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Lightsabers

Hi. I’m twenty-nine years old, and when my mind wanders, it starts to think about lightsabers.

One of the many many things that make Star Wars so cool is the lightsaber: in a world with laser guns and space ships, there are a select group of people who forego all of that in favor of laser swords. When we first see it in A New Hope, Obi-Wan introduces it as the “weapon of a Jedi Knight, not as clumsy or random as a blaster; an elegant weapon for a more civilized age.” Cool bit of world-building that sets up the Jedi Knights and the importance of the weapon.

But that’s not the part of lightsabers I’m thinking about.

Each Jedi has their own saber, one that’s theirs, and this weapon, as Obi-Wan admonishes Anakin in Attack of The Clones, “is your life.” Lightsabers are made by the individual Jedi and so is specific to them. Even the Sith lightsabers require an artificial (in the old Expanded Universe) or a tainted (as in the new canon) crystal. These weapons are almost an extension of their owner. Far more than Han’s DL-44 blaster, the lightsabers are far more personal and representative of those who wield them.

And Rey doesn’t get her own lightsaber in the Sequel Trilogy. I mean, yeah, she does, sure: In literally the final minute of The Rise of Skywalker, she stands in Tatooine and turns on her brand new yellow-bladed saber and then watches the sunset.

Which.

Okay.

Fine.

But when the mythos of the world puts so much import on a saber, it feels like a very weak culmination of a character arc for that to be it.

Consider Luke Skywalker. He is given Anakin’s saber in A New Hope, which he then uses throughout Empire Strikes Back. It’s his father’s weapon, by using it he is inheriting a legacy. It’s the Skywalker lightsaber, and it’s his, as it was his father’s before him.

Then in Empire’s climax, he loses it (along with his hand) and finds out that Darth Vader is his father. The villain is Luke’s father, that lightsaber he had been using belonged to the man who became Darth Vader. Turns out Luke’s inheritance is that one tainted by the Dark Side.

That’s rough.

Come Return of The Jedi, Luke has built his own lightsaber. He’s still gonna be a Jedi, but this time he’s creating his own legacy. While Anakin’s lightsaber bears a strong resemblance to Vader’s, Luke’s lightsaber takes more after Obi-Wan’s than Anakin’s. It’s a declaration of sorts that Luke’s following the path of Obi-Wan, rather than the failings of Anakin. Later on, during the final duel on the Death Star II, he tosses that lightsaber aside — that new definition of himself — to state that he is a Jedi, like his father before him. Obi-Wan didn’t think that Vader could be saved, but Luke did and he was proven right. Looking at a lightsaber as an extension of its wielder’s psyche, this is the culmination of Luke wrestling with his inheritance. He’s a Skywalker.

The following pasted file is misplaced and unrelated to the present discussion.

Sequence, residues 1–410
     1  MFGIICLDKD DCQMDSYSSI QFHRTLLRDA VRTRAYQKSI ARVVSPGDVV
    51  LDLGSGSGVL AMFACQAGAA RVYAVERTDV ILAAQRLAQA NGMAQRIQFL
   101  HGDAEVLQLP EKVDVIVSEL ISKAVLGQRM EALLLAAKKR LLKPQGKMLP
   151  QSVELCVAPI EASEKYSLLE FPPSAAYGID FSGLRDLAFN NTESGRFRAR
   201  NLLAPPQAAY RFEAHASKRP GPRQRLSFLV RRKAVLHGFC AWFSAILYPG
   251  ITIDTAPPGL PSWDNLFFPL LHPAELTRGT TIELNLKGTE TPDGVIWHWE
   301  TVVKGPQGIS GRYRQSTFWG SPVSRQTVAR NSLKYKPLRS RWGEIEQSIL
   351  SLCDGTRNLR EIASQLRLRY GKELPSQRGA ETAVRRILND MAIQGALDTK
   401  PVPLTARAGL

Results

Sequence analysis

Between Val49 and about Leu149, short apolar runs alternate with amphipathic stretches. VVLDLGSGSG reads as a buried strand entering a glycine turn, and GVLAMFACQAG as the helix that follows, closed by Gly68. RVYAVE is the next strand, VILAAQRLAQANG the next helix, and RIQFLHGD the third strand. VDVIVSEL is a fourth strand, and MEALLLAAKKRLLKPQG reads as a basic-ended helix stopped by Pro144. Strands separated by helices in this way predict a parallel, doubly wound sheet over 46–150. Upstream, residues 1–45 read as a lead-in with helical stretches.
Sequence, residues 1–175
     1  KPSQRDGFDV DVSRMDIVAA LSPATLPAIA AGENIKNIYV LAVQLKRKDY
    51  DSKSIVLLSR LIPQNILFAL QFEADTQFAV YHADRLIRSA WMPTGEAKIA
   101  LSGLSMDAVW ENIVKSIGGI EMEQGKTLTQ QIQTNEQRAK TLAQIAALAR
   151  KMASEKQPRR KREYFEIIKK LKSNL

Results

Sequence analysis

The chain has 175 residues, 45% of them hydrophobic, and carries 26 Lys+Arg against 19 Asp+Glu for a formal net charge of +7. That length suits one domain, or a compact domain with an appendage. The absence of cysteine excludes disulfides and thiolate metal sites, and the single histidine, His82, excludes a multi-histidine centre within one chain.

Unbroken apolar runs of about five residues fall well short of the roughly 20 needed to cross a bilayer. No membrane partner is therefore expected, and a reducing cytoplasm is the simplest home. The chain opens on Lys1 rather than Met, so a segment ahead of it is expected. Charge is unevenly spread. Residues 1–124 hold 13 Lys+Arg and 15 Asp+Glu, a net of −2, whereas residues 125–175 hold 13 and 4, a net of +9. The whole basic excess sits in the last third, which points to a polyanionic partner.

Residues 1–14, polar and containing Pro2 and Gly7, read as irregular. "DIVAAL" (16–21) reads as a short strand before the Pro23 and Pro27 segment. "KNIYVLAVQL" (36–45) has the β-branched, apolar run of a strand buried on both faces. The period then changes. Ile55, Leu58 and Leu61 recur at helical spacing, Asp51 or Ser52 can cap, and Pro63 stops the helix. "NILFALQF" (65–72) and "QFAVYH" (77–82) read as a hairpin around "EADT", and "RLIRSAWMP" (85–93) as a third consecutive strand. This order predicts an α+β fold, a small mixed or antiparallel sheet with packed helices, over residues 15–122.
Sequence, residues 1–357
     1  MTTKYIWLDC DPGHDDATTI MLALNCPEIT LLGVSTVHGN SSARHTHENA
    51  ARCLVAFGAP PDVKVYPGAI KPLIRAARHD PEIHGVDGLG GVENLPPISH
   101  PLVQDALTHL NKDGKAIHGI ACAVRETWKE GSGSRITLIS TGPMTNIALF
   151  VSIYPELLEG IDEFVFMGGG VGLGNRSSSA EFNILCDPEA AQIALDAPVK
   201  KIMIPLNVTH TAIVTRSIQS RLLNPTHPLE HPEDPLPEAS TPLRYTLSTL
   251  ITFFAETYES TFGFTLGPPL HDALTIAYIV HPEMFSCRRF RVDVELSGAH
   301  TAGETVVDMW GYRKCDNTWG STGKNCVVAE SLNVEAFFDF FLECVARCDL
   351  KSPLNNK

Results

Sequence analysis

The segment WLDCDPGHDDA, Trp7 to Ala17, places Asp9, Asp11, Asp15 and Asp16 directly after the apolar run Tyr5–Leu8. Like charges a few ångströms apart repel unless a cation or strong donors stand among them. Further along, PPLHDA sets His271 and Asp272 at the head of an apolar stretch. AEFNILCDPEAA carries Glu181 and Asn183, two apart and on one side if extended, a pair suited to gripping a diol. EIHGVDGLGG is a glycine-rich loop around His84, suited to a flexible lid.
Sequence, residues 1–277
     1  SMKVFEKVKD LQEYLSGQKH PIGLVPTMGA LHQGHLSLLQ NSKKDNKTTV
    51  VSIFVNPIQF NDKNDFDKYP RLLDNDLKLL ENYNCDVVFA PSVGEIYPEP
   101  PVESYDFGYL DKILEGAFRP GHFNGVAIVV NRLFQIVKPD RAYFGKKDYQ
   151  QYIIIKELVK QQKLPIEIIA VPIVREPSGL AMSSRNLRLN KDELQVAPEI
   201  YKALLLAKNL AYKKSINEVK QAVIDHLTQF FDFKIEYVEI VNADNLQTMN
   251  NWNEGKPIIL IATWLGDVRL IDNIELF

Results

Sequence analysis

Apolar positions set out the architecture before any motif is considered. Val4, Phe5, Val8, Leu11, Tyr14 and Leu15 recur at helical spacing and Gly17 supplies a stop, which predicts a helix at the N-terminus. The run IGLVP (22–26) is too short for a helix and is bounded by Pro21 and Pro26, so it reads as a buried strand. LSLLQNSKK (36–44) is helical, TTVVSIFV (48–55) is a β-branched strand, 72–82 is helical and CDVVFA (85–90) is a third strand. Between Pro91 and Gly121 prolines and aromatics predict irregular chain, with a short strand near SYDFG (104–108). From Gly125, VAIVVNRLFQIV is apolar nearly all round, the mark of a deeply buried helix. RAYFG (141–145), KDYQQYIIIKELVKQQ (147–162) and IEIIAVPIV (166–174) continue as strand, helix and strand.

In The Force Awakens the Skywalker Lightsaber reemerges as an icon of legacy once again, this time to be taken up by Rey — who initially rejects it but in the climax claims it in one of my favorite Star Wars moments.

Fittingly, The Last Jedi is all about legacies and what to do with them. Luke rejects the lightsaber and the importance it has to being a Jedi. At the onset of the story, he is done with that past. Rey wields it in the duel aboard the Supremacy (since she’s gonna be a Jedi) and later vies against Kylo Ren for it. Both want control of it, but for different reasons. Kylo sees it as his birthright, his chance to wield Darth Vader’s legacy for his own. Rey sees it as the other part of Anakin’s legacy; that of a fallen hero redeemed — as she hopes to enact towards Kylo. In the end, the lightsaber is sundered and Rey collects the broken fragments. The past is broken.

But the lightsaber shows up one last time in The Last Jedi, in the hand of Luke’s Force Projection when he duels Kylo. Its purpose here is twofold: he taunts Kylo Ren with what he wants, yes, but Luke is also taking back up that legacy he had thrown away in the beginning. This is a Force Projection, Luke could have shown himself holding any lightsaber, and even from a cinematic standpoint, we’d just seen that lightsaber broken, how could Luke have it? The incongruity not only hints at the Projection’s nature but shows us that this is a Luke Skywalker who has agreed to his symbolism, who will be the hero the Resistance needs.

Such a wonderful culmination.

So now Rey is set up to craft her own lightsaber for The Rise of Skywalker. It’s part of the Jedi path and all that, plus she has all the books from Ahch-To to teach her. The lightsaber we see her is an extension of her — its design bears a similarity to the staff she wielded in The Force Awakens and the yellow blade suggests a new path. Except this comes at the end. It’s a coda to the story rather than a final act. Rey spends the movie still with the Skywalker saber, except rather than being willing to throw away the past and start fresh, she’s put it back together so it could still be in use. Which, fine, but by the end of The Last Jedi, Rey has the chance to start something new… and instead, she retreads a path.

As a fan, I’m someone who’s wanted Rey to kick ass with a double-sided lightsaber since the credits rolled on The Force Awakens. That The Last Jedi featured no such instance was an initial disappointment, but the missed chance in Rise is frustrating. Here was a chance for the new hero to make a statement, but instead, well, we got what we got. Rey’s yellow lightsaber is super cool, not just aesthetically but as a statement of identity. That it gets relegated to the very end is nothing less than a missed opportunity.

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